“It goes back to the underlying philosophy of the construction industry regardless of where you fall into the construction industry, whether you’re a home builder yourself or an engineer, a roofer, a carpenter or a plumber, this industry is really a wide cross section of professionals that are hands-on in the community building the American dream of home ownership, so we are acutely aware of the needs in the community and whenever possible we take a proactive role in solving the problems that we face,” says Doerfel.  

The National Association of Home Builders has recognized the Tampa Bay Builders Association four times with the Silver Award for their exemplary efforts in philanthropy, education and professional development but this last year they received the Gold Award, the highest recognition from the NAHB for giving back to the community.

For Good: Children’s Board of Hillsborough County seeks applicants for $10.8M in grant funds

The Children’s Board of Hillsborough County is offering $10.8 million in grant money to organizations that meet the criteria the board has set in place to ensure that children are healthy and safe, developmentally on track, ready to learn, and are in supported and supportive families.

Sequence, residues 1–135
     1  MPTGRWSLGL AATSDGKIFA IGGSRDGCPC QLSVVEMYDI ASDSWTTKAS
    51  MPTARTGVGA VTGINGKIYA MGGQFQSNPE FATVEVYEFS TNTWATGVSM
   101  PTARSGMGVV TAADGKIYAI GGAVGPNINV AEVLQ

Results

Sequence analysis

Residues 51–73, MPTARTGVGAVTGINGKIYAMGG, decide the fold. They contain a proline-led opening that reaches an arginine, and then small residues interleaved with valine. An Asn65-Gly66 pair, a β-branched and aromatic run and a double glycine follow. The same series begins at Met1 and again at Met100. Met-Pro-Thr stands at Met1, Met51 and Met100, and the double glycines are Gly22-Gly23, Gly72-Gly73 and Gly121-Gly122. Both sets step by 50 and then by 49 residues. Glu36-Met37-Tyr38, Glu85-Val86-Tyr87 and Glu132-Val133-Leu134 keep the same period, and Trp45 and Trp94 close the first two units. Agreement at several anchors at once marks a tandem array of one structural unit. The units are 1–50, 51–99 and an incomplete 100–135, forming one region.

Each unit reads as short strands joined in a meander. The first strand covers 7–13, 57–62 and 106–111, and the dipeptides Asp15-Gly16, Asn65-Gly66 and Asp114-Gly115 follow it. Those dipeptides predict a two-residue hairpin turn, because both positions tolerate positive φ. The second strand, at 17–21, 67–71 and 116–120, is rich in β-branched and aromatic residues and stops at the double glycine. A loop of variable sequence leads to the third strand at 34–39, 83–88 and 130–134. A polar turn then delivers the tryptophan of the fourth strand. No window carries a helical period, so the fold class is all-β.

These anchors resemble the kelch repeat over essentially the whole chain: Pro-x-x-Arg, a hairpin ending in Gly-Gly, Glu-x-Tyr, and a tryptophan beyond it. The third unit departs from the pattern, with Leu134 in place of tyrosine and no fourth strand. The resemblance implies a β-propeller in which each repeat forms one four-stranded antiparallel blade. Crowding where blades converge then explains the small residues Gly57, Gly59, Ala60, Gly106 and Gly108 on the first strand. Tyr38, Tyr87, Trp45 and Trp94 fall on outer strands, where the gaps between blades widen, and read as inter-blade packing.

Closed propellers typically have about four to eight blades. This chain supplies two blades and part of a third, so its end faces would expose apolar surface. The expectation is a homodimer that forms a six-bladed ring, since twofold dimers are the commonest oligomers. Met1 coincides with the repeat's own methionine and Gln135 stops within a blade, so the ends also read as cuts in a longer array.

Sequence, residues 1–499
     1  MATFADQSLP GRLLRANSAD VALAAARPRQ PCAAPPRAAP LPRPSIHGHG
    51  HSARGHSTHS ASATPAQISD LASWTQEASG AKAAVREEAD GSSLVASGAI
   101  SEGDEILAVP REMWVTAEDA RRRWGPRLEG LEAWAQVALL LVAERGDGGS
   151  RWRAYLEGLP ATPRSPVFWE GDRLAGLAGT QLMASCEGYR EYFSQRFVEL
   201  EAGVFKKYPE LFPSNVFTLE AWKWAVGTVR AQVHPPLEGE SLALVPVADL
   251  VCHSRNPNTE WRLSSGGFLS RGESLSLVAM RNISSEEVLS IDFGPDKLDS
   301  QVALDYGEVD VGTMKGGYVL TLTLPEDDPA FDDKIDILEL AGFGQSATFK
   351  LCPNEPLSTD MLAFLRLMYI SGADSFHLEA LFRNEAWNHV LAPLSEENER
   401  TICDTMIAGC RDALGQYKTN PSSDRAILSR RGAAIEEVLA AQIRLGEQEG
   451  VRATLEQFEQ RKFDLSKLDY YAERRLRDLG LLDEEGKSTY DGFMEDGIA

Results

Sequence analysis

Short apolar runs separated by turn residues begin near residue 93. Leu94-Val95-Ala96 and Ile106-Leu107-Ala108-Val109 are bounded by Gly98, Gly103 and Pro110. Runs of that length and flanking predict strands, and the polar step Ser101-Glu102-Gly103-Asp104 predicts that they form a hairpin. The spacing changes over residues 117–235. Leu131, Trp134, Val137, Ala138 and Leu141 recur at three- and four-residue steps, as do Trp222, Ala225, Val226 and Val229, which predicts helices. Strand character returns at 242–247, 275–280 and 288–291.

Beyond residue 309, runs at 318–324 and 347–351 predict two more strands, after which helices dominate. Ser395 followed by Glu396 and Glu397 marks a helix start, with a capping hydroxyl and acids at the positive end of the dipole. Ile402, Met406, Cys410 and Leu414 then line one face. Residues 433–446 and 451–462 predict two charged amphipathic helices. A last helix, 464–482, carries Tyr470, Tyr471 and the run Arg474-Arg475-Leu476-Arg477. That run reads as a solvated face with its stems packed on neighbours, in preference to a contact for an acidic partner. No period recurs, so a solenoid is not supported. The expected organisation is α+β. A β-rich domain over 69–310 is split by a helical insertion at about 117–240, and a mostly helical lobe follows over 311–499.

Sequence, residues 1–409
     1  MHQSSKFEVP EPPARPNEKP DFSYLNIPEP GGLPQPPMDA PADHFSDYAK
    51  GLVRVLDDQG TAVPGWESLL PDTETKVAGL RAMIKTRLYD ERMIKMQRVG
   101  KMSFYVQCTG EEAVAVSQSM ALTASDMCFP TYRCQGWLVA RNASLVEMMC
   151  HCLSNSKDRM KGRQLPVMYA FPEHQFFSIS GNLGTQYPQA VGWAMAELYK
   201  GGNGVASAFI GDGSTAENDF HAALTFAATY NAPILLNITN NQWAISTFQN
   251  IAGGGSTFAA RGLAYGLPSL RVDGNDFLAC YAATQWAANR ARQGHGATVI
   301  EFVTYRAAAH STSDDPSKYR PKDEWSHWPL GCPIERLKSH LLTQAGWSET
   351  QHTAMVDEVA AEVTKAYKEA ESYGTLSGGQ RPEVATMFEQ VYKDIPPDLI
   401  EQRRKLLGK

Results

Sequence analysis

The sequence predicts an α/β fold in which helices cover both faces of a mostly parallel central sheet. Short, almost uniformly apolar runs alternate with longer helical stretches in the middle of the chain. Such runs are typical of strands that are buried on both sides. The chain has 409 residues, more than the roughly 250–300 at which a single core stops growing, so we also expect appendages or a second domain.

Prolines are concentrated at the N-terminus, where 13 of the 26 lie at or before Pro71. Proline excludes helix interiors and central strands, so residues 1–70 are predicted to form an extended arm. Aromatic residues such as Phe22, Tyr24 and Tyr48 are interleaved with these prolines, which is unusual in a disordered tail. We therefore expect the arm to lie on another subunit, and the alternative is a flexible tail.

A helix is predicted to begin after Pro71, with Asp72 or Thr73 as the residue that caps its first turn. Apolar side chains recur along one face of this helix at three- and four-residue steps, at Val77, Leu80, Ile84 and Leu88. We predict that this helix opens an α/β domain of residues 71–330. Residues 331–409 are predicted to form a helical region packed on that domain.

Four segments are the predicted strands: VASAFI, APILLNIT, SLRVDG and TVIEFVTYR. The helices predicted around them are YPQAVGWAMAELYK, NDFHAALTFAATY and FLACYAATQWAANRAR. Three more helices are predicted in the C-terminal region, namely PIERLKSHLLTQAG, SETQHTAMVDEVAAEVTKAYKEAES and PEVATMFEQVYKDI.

The CBHC releases this grant money every five years, so while some organizations may reapply and continue receiving funding, new entities also have an opportunity to secure grants as a new source of revenue.  

“We like to take another look at what the community needs, what new providers may have come into the area, and our goal of course is to fund the very best programs and services for the citizens of Hillsborough County,” says Paula Scott, Director of PR at the Children's Board

A special Leading Grant of up to $250,000 will be awarded to organizations that provide high quality summer programs for children, including making sure the program includes things like art and literature, and STEM and safety education.